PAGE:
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ABSTRACT: A three-dimensional structure of a model decapeptide is obtained by performing molecular dynamics simulations of the peptide in explicit water. Interactions between an N-myristoylated form of the folded peptide anchored to dipalmitoylphosphatidylcholine fluid phase lipid membranes are studied at different applied surface tensions by molecular dynamics simulations. The lipid membrane environment influences the conformational space explored by the peptide. The overall secondary structure of the anchored peptide is found to deviate at times from its structure in aqueous solution through reversible conformational transitions. The peptide is, despite the anchor, highly mobile at the membrane surface with the peptide motion along the bilayer normal being integrated into the collective modes of the membrane. Peptide anchoring moderately alters the lateral compressibility of the bilayer by changing the equilibrium area of the membrane. Although membrane anchoring moderately affects the elastic properties of the bilayer, the model peptide studied here exhibits conformational flexibility and our results therefore suggest that peptide acylation is a feasible way to reinforce peptide-membrane interactions whereby, e.g., the lifetime of receptor-ligand interactions can be prolonged.
Available from: ilarjournal.oxfordjournals.org
- "In addition, the serum albumin concentration in pigs is very similar to concentrations observed in humans (Ganong 1991a; Mersmann and Pond 2001). Together, these characteristics result in kinetics and dynamics after subcutaneous administration of compounds that closely resemble those in humans (Agerso et al. 2002; Gutniak et al. 1994; Knudsen et al. 2001; Kurtzhals et al. 1996; Markussen et al. 1996; Nauck et al. 1996; Pieber et al. 2002). "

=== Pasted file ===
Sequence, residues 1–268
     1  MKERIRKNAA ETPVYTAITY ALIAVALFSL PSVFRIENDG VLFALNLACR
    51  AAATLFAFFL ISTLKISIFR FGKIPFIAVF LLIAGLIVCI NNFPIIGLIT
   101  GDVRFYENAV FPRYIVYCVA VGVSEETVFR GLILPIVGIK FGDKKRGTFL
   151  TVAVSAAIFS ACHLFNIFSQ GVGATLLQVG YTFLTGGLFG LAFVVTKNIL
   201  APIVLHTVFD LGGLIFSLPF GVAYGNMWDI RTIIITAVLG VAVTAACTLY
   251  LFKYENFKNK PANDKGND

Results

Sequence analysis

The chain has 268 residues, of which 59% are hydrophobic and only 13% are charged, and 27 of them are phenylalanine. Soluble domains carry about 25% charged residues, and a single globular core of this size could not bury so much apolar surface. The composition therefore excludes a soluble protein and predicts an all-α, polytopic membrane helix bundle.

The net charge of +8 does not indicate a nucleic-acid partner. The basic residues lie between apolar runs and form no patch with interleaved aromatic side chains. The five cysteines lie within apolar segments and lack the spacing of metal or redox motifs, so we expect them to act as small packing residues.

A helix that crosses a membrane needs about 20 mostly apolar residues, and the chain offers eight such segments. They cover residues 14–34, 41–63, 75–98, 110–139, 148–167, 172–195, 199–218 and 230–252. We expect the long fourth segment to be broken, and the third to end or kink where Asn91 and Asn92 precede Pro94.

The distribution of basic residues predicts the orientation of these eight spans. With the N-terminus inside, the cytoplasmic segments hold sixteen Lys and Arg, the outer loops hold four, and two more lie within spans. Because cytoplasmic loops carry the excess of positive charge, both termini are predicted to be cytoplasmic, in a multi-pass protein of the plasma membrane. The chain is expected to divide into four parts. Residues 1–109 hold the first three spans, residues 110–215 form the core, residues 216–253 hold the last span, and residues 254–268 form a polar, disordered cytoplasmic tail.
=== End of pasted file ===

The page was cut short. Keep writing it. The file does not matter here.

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ABSTRACT: Animal models of type 1 diabetes remain essential tools for investigation of the etiology and pathogenesis of the disease and, importantly, for the development of effective new treatments. Although a range of well-characterized and widely used models of type 1 diabetes in rodents are currently available, large animal models are a valuable complement to rodent models for both physiological and practical reasons. The pig is very useful in many aspects as a model for human physiology and pathophysiology because many organ systems of this species, as well as physiological and pathophysiological responses, resemble those of the human. The Göttingen minipig is particularly suitable for long-term studies because of its inherent small size and ease of handling, even at full maturity. Of particular relevance to the field of type 1 diabetes are the many similarities evident between humans and pigs with regard to pharmacokinetics of compounds after subcutaneous administration, structure and function of the gastrointestinal tract, morphology of the pancreas, and the overall metabolic status of the two species. Because spontaneous type 1-like diabetes is very rare in pigs, a model of the condition must be induced experimentally, either surgically or chemically. This process is discussed, and the use of the pig as a model in islet transplantation and diabetic complications is briefly summarized.